While he was filming training videos for a health clinic in the Democratic Republic of Congo in 2002, Bent-Jorgen Perlmutt ’01 noticed something disturbing. Every day, the doctors there performed four or five fistula operations—a procedure to repair a tear in the flesh separating the bladder and rectum from the vagina.
The cause was rape—of an especially violent kind. Marauding soldiers vying for control of the eastern Congo were going into villages, rounding up women, and in addition to raping them, often leaving them permanently debilitated by shoving objects such as sticks or guns into their vaginas. It was part of a campaign of terror against the local residents.
In 2004 Perlmutt returned to the nonprofit clinic, HEAL Africa, to film a documentary about the rape survivors undergoing fistula operations there and their struggle to live a normal life. He calls it an “all-Brown effort” because his fellow producers, directors, and editors were Lynn True ’99, Nelson Walker III ’00, and Louis Abelman ’02. Even the sound editor was an alumnus—Paul Bercovitch ’02. They hadn’t all known each other in college, but through friends of friends they wound up working together. Lumo, as the documentary is called, has won numerous awards and has been shown at the Human Rights Watch International Film Festival in both London and New York City. It aired on PBS’s P.O.V. on September 18.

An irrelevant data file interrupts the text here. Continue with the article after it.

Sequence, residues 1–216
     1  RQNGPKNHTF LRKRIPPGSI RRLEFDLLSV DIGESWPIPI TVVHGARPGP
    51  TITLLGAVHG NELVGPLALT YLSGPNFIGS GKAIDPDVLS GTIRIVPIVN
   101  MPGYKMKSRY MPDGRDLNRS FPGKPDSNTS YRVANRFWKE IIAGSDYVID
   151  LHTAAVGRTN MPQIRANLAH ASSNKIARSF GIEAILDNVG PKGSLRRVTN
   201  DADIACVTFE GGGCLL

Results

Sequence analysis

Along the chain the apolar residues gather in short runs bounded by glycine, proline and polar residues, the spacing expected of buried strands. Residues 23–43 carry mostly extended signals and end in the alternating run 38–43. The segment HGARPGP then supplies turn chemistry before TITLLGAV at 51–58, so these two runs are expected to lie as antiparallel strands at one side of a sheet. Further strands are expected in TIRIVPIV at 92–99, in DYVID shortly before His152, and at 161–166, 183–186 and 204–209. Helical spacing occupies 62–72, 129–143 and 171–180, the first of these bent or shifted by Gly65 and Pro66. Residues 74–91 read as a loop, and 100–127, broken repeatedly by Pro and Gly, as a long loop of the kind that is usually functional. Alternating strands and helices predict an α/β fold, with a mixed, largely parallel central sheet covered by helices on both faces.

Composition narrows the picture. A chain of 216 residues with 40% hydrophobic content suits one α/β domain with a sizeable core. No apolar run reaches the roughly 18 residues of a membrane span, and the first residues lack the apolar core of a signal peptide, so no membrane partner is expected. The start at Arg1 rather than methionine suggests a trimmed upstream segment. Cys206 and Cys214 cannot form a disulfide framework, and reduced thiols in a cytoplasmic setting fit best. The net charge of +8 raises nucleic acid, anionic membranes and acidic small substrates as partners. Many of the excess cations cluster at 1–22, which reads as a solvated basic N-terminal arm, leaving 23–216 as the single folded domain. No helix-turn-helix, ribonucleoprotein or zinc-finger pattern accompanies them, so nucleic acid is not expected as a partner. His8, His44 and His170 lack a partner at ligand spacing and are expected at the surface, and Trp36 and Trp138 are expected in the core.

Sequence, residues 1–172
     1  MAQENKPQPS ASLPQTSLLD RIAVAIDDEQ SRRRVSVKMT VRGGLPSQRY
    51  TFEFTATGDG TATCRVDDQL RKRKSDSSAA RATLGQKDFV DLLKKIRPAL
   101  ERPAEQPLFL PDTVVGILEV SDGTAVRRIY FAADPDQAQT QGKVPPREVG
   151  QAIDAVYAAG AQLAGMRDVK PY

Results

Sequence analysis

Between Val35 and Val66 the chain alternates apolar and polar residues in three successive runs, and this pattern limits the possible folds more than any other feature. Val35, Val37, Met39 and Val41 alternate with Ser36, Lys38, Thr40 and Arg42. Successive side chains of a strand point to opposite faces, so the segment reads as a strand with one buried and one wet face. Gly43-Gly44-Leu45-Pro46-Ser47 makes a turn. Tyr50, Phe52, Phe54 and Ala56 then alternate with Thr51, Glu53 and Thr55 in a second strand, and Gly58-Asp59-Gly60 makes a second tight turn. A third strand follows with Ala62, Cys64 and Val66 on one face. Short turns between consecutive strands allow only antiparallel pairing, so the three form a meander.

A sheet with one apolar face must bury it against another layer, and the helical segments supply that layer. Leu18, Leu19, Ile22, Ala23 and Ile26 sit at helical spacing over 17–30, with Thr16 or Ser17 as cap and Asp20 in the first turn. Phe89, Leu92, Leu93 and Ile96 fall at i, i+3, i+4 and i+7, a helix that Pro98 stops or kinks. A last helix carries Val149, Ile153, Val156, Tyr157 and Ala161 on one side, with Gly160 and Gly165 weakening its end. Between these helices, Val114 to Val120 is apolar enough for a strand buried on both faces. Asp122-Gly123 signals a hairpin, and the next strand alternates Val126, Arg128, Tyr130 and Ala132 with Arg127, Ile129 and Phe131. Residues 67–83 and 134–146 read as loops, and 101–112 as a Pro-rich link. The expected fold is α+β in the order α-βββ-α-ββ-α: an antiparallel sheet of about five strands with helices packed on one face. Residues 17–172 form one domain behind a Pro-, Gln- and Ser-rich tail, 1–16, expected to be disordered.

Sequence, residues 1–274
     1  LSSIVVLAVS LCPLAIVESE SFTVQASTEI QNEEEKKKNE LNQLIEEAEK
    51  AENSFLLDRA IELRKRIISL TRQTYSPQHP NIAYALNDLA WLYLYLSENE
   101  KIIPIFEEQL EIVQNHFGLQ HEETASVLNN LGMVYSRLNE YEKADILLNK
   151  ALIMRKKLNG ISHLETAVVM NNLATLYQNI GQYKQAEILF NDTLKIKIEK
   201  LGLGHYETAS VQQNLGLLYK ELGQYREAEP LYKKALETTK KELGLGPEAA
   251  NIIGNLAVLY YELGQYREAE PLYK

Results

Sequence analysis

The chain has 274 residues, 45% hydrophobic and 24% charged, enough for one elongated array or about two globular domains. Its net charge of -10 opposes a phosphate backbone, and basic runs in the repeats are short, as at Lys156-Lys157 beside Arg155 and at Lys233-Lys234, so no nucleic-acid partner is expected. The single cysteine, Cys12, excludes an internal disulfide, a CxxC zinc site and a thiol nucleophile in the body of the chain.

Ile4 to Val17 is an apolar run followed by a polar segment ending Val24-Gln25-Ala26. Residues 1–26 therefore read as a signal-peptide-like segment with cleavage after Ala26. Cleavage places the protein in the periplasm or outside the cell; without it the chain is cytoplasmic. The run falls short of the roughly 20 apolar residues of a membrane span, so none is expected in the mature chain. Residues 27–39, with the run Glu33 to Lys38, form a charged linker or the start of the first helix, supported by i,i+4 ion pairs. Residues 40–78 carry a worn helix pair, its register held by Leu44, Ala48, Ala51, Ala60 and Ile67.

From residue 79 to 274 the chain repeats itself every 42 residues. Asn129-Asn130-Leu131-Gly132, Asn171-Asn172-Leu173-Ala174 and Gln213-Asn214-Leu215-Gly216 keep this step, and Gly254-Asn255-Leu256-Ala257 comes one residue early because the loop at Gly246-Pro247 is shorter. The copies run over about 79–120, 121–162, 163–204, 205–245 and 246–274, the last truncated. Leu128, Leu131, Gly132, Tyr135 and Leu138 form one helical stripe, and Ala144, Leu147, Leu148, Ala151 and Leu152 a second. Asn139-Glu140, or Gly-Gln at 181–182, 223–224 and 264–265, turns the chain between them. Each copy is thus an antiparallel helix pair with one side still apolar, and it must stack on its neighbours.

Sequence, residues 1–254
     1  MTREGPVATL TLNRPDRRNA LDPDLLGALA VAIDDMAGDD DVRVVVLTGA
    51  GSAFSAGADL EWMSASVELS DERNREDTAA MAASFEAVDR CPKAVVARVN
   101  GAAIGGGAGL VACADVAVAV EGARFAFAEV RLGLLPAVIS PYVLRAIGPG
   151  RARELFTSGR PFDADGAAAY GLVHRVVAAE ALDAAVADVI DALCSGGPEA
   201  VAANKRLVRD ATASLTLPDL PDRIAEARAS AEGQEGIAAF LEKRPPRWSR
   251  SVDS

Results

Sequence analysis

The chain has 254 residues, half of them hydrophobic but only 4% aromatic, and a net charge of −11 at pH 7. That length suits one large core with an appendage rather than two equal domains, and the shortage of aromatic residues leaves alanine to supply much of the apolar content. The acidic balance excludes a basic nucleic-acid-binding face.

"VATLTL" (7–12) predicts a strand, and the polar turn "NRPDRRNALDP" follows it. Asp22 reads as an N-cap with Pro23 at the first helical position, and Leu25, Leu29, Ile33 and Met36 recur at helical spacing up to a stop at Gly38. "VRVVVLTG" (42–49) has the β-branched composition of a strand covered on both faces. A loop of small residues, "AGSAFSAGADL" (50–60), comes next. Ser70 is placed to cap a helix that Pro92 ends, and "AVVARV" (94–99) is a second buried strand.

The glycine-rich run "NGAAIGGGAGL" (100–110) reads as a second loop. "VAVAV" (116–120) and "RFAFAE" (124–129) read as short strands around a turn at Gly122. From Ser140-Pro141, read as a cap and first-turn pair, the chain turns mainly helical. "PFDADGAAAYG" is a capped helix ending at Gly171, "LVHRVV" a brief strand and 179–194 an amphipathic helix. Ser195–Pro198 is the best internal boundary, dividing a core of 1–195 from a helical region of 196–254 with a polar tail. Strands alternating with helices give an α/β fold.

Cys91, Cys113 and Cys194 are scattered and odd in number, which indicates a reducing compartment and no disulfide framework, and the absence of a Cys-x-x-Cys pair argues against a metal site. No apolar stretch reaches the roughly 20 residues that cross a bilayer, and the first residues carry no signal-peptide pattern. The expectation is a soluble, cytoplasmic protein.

The film gets its title from the name of the twenty-three-year-old woman who serves as its focus. Like many other victims of Congolese violence, Lumo was permanently marred as a rape victim. Her torn fistula left her incontinent. Her fiancé abandoned her. Her village shunned her. “These are all women who are on the lowest of the low rungs of society,” says Perlmutt. “It’s a highly male-dominated society. Men can get away with abusing, even raping, their wives.”
At HEAL Africa, Lumo entered a community of several hundred similarly afflicted women who were also undergoing fistula operations. The women became a powerful support network, as they shared accounts of their trauma and provided comfort when, as sometimes happens, the surgical procedure fails. Lumo herself undergoes five operations. “I was amazed at the sense of safety that was created among all these women,” Perlmutt says.
When the film crew first arrived at the clinic, the producers distributed cameras to some of the women so they would grow used to having the devices around them. “Lumo sort of stood out among the others because she was really eager to let us tell her story,” Perlmutt recalls.
Abelman, who had roomed with Perlmutt during a semester abroad in Argentina, says he often felt overwhelmed by the suffering he witnessed. “You’d just see convoy after convoy arriving full of women who’d been raped,” he says. “We took refuge in this idea that we were making this film. That helps you displace your feelings. We focused on what we could do productively.”
The film ends with Lumo, her fistula at last repaired, returning to her village. Perlmutt says she was initially welcomed back, and her former fiancé even agreed to marry her. But two months later rebels stormed the village and killed him. Then Lumo’s fistula ruptured again, and she had to return to the health clinic.
In July, Lumo called Perlmutt and told him her surgery had been a success. “She had made a lot of progress and was very optimistic,” says Perlmutt. He says she looked forward to leaving the clinic and once again trying to make a life for herself in her village.
Lawrence Goodman is the BAM’s senior writer.